https://i0.wp.com/insideclimatenews.org/sites/default/files/CollegeDivestmentsUpdated.jpg

Figure 1: More than $50B in divestment pledges has come from 28 universities, 41 cities, 72 religious institutions, 30 foundations and hundreds of individuals. The New School is committed to divestment. (Credit: Paul Horn/InsideClimate News)

Similarly, there is a wide range of opinions on sustainability and the integration of sustainability into curriculum. In science departments, there is often the opinion that sustainability is notional, and not easily defined nor easily measured; hence, it is not science. It is also true that sustainability has far broader reach than climate change.

I was first introduced to sustainability as a subject of research and education when I started my academic career in 2005 at University of Michigan. At University of Michigan, we have the Erb Institute (http://erb.umich.edu/ ) which is “Creating a Sustainable World Through the Power of Business,” the Center for Sustainable Systems (http://css.snre.umich.edu/ ), which supports “the design, assessment, and management of systems that meet societal needs in a more sustainable manner,” and the Graham Sustainability Institute (http://graham.umich.edu/ ), which fosters “sustainability at all scales by leading stakeholder-centric activities that systematically integrate talents across all U-M schools, colleges, and units.” All of these institutes have strong relationships with donors who have high success in business. Their donations paint the picture of individuals, families, and businesses that recognize the importance of sustainability to assure future societal and business success. (Disclosure: I work closely with the Graham Sustainability Institute (http://graham.umich.edu/ ), and I am a Dow Sustainability Distinguished Faculty Fellow (http://sustainability.umich.edu/dow ).)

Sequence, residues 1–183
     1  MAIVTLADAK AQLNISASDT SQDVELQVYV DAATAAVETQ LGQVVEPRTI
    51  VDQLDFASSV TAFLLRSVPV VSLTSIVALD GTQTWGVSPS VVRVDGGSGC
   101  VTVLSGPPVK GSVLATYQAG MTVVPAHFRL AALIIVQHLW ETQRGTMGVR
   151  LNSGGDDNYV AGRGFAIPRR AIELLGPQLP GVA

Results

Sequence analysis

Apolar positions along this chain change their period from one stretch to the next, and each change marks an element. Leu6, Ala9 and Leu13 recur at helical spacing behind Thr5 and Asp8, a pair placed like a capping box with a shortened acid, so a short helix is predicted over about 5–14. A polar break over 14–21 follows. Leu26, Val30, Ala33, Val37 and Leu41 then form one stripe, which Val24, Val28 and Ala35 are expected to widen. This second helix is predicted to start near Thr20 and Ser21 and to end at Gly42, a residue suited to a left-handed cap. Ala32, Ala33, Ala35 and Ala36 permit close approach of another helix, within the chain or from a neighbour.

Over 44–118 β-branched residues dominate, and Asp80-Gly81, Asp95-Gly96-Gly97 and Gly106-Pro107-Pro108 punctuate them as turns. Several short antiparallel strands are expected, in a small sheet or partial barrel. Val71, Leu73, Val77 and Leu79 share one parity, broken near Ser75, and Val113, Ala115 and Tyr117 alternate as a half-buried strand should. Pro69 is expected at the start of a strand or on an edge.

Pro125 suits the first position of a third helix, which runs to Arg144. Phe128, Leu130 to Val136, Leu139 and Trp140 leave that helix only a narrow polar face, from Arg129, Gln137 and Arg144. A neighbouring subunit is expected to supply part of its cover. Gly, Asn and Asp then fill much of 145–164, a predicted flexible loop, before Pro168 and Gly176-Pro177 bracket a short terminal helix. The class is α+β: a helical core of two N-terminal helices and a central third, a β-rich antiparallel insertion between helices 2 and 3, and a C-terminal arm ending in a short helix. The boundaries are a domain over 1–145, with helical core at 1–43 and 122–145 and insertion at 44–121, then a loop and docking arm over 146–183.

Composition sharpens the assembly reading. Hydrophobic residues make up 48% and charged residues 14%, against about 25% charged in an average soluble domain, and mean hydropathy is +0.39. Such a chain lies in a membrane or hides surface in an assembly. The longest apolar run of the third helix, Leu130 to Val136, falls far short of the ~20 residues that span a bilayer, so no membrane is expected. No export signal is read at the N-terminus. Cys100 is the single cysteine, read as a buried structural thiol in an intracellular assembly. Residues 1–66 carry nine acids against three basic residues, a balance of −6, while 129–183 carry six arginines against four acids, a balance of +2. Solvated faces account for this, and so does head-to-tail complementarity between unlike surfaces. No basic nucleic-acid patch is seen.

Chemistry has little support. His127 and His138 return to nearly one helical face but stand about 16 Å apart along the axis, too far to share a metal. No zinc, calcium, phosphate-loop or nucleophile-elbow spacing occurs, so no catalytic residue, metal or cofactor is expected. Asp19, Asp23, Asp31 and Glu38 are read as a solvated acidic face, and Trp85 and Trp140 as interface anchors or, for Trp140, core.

One of the points from the Spring, 2015 Spheres of Influence webinar (http://ourspheresofinfluence.com/2015/04/29/curriculum-transformation-for-climate-a-grass-tops-story-of-change-at-the-new-school/ ) is that sustainability is emerging, and that standards and practices are maturing. Sustainability studies and education are no longer only for the early adopters (http://en.wikipedia.org/wiki/Early_adopter ). For those interested in the incorporation of sustainability into education, there a number of resources, including Sustainability Improves Student Learning (http://serc.carleton.edu/sisl/index.html ), a group that includes associations of physics, chemistry, biology, and geosciences.

Adding the concept of sustainability to problem-solving requires that we think about where our resources come from and what happens to our waste. It brings into consideration the energy required to obtain resources, manufacture, and dispose of and manage the waste products. The value of the environment and ecological systems is brought into the calculation of cost. It’s true that there is nothing in that list that is an easy calculation, and there are many aspects of sustainability that are not uniquely and definitively quantified; there are value judgments made by individuals, governments, advocacy organizations, and corporations.

Since sustainability crosses many disciplines, it is, in fact, quite difficult to bring into the discipline-focused culture of universities. It brings a focus to problem- solving and participatory, deliberative process. There is a high demand from students, who increasingly see the requirement to manage our resources and wastes in order to thrive. Sustainability is an essential topic of research and education; it is something that we must learn to do right.

About the author

Professor Richard Rood is a climate scientist who teaches multidisciplinary graduate and undergraduate courses at University of Michigan. He is a Dow Sustainability Distinguished Faculty Fellow. Prior to his teaching career, he served as a scientist at the National Aeronautics and Space Administration (NASA). A climate-science communicator, he uses his spheres of influence by reaching a wide lay audience by blogging about climate change for the WeatherUnderground (http://www.wunderground.com/blog/rickyrood/article.html )

May 26, 2015 at 7:17 pm Leave a comment